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There is a fabulous aqueduct where you have a rea transport sandwich with the M5 over the top spanning over the West Coast Main Line. Our canal, the Old Main Line goes under the railway line and over the New Main Line!

 

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Under the M5 in all its decaying glory:

We went past the bottom of Titford without going up!! Yesterday’s water shortages put us that bit behind.

 

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We turned into the Chemical Arm and time travelled back to before the M5:

.To break up our trip along the Old Main Line, we paused briefly at Tividale Quays, and set the time machine to 2009. We were pleased to see eleven other boats moored there, on their way to the National Rally at Wolverhampton. The event was hosted by Andrew and Frances Phasey, who lived there at the time. Andrew is the new Commodore of St Pancras Cruising Club, and was planning to spend today overseeing (controlling is too rigid a word) the Club’s annual cruise on the Thames tideway from Limehouse down to Margaretness and then upstream to Teddington.

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The time machine was not quite reset to today so we sawt this group of refuges from the tidal Thames arriving at Tivdale

 

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And with the time machine correctly set, a quick view down to the Netherton Tunnel but no boats to wave at!

 

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And yes this is the entrance to the Black Country Museum and Dudley Tunnel NOT the Chemcial Arm.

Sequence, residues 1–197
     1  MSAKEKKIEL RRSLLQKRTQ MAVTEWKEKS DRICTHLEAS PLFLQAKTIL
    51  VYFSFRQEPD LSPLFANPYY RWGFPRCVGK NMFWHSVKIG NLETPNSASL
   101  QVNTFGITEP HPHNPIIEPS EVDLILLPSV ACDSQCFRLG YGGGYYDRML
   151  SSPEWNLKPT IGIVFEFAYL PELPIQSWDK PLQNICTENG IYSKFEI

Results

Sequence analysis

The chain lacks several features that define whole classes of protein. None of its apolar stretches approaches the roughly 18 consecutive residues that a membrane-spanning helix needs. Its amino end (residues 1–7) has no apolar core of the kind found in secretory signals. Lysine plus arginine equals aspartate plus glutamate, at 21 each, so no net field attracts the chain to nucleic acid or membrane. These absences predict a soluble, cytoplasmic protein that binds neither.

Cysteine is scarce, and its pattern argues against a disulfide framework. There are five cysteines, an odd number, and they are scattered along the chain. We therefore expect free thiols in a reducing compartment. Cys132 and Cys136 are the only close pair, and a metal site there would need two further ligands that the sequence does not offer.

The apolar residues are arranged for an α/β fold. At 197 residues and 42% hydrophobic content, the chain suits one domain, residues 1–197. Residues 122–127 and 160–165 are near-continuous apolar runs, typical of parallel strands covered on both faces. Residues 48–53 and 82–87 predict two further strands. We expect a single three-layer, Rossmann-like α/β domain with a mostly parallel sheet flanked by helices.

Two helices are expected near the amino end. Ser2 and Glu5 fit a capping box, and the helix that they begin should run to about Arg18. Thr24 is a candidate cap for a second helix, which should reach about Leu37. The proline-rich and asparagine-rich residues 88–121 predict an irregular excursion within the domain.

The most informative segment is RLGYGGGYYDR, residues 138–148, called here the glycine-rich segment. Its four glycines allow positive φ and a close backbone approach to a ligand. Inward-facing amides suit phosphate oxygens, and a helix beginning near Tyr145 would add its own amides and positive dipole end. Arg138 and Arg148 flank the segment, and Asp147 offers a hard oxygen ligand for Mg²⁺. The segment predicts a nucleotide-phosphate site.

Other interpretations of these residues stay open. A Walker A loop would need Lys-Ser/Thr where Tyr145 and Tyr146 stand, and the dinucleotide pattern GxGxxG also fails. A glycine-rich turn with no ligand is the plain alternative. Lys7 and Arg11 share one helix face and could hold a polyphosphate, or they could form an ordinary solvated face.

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Tipton Green needed a bit of a re-dial on the timer:

 

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Emily likes locks but found Bradley all too easy as they have single gates!

 

The Locks themselves represent a particular stage in the technological development of English Canals in general and The Birmingham Canal Navigations in particular. Both the Rotton Brunt Line and the new locks at Bradley were built on dead straight alignments, ignoring any minor changes in the contour and taking the most time-efficient route. The locks were amongst the last on the BCN to have a single gate at top and bottom, the original Birmingham Canal Locks had double bottom gates as did the last the BCN Company built at Rushall and Perry Barr. The lagoons alongside each lock were a device to maximise water capacity in the short intervening pounds, and finally, the locks themselves are all at one side of the canal, not located midstream as earlier locks were. It is thought that this feature, which is shared by the locks at Oldbury and Perry Barr, was to make subsequent duplication straightforward. Thus restoring the locks allows access to and understanding of a particular phase of canal development.